Friday, October 30, 2015

Ready Player One by Ernest Cline


At once wildly original and stuffed with irresistible nostalgia, READY PLAYER ONE is a spectacularly genre-busting, ambitious, and charming debut—part quest novel, part love story, and part virtual space opera set in a universe where spell-slinging mages battle giant Japanese robots, entire planets are inspired by Blade Runner, and flying DeLoreans achieve light speed.

It’s the year 2044, and the real world is an ugly place.

Like most of humanity, Wade Watts escapes his grim surroundings by spending his waking hours jacked into the OASIS, a sprawling virtual utopia that lets you be anything you want to be, a place where you can live and play and fall in love on any of ten thousand planets.

And like most of humanity, Wade dreams of being the one to discover the ultimate lottery ticket that lies concealed within this virtual world. For somewhere inside this giant networked playground, OASIS creator James Halliday has hidden a series of fiendish puzzles that will yield massive fortune—and remarkable power—to whoever can unlock them.

For years, millions have struggled fruitlessly to attain this prize, knowing only that Halliday’s riddles are based in the pop culture he loved—that of the late twentieth century. And for years, millions have found in this quest another means of escape, retreating into happy, obsessive study of Halliday’s icons. Like many of his contemporaries, Wade is as comfortable debating the finer points of John Hughes’s oeuvre, playing Pac-Man, or reciting Devo lyrics as he is scrounging power to run his OASIS rig.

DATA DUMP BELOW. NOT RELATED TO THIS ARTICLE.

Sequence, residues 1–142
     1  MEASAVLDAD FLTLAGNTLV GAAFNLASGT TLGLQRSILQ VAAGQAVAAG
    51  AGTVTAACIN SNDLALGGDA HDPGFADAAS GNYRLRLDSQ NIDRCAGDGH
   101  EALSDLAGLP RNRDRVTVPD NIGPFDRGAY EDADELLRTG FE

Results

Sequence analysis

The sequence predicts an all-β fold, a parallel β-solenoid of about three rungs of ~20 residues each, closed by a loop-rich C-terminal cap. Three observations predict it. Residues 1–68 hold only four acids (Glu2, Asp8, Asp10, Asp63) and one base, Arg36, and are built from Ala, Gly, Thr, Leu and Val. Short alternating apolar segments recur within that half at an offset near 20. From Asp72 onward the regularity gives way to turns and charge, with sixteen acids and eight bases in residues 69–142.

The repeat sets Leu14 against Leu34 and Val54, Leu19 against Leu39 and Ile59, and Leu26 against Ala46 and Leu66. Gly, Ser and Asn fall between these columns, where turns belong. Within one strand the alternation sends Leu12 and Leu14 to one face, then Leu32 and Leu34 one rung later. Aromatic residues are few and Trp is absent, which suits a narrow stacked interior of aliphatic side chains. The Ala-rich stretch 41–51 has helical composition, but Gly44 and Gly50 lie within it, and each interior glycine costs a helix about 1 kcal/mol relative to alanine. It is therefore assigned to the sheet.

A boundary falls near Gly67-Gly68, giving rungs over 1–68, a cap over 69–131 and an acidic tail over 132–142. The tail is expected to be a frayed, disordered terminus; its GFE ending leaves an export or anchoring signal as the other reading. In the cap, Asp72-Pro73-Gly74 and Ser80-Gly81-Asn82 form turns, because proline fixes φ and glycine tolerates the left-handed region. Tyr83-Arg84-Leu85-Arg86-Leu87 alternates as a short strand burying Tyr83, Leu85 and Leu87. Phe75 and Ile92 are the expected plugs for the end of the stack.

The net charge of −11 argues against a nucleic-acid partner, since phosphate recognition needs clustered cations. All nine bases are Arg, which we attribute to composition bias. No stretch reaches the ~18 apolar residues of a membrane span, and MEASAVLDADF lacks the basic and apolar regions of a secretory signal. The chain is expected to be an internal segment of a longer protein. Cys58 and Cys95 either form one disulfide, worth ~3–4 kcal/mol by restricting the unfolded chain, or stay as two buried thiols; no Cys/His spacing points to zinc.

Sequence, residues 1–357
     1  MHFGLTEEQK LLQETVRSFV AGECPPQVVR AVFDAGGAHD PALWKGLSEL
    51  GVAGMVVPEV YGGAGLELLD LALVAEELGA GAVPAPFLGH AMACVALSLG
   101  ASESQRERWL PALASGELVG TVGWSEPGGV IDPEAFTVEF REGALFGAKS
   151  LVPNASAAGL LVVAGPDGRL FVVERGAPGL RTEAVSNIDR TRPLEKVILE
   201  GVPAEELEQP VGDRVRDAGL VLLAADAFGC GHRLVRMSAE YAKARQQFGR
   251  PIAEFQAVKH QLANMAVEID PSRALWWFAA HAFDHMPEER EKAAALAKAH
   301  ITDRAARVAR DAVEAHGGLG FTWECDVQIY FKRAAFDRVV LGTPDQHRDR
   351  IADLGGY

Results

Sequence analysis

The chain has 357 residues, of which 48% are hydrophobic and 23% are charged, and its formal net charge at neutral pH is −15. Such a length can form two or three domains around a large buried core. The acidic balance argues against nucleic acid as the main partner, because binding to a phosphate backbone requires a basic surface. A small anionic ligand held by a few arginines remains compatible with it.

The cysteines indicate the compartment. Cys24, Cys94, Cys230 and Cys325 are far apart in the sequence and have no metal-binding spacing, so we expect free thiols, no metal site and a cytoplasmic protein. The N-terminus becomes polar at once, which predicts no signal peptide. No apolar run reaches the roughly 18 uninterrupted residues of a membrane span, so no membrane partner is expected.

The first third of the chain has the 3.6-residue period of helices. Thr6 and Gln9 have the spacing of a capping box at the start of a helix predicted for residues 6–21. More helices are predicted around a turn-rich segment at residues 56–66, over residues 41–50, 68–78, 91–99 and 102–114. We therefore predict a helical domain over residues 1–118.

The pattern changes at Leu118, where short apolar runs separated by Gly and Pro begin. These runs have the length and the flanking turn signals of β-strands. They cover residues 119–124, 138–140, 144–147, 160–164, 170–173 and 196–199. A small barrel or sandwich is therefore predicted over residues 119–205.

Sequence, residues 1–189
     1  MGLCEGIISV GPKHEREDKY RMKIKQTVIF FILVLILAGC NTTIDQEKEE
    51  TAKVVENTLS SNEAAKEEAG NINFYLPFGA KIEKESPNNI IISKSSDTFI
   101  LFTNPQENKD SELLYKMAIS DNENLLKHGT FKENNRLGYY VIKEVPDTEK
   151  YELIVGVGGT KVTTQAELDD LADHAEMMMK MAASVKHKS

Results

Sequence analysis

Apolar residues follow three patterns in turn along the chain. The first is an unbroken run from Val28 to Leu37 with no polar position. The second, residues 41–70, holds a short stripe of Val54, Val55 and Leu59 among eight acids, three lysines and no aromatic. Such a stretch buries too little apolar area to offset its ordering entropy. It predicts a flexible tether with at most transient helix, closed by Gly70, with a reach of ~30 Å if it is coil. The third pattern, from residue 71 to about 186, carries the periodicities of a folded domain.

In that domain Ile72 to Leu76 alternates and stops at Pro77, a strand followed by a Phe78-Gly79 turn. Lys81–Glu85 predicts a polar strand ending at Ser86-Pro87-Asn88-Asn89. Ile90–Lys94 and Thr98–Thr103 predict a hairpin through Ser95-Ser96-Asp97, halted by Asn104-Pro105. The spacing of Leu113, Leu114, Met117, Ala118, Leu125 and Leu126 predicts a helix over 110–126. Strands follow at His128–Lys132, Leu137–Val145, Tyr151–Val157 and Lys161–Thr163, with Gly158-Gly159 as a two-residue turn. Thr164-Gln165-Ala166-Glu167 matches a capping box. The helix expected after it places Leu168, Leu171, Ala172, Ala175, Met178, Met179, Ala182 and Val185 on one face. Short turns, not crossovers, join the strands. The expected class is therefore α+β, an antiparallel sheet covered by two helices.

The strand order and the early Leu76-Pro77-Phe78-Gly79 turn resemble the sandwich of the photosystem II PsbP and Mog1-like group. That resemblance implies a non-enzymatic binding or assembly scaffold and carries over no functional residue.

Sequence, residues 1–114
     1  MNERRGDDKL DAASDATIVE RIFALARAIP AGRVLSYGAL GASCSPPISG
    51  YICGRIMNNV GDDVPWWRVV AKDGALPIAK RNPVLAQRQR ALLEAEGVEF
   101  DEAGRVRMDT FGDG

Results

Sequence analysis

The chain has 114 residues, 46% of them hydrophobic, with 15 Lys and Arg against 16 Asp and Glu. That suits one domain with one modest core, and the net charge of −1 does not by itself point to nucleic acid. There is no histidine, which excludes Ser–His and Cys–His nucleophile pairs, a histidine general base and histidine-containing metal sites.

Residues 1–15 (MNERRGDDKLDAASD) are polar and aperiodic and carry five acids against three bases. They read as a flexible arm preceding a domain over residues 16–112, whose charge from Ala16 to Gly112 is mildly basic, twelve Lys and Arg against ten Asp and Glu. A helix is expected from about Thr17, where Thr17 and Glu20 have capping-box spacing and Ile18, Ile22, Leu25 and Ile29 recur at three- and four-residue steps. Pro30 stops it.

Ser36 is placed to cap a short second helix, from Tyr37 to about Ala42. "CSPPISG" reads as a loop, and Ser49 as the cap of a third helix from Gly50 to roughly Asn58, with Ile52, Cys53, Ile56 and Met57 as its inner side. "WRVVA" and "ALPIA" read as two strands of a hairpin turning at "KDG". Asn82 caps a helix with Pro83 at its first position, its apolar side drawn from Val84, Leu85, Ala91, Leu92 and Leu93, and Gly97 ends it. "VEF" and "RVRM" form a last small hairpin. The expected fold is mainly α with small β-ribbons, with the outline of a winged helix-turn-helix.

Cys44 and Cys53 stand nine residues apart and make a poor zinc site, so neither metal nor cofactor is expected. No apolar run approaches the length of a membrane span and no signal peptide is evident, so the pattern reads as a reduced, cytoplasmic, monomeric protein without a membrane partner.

And then Wade stumbles upon the first puzzle.

Suddenly the whole world is watching, and thousands of competitors join the hunt—among them certain powerful players who are willing to commit very real murder to beat Wade to this prize. Now the only way for Wade to survive and preserve everything he knows is to win. But to do so, he may have to leave behind his oh-so-perfect virtual existence and face up to life—and love—in the real world he’s always been so desperate to escape.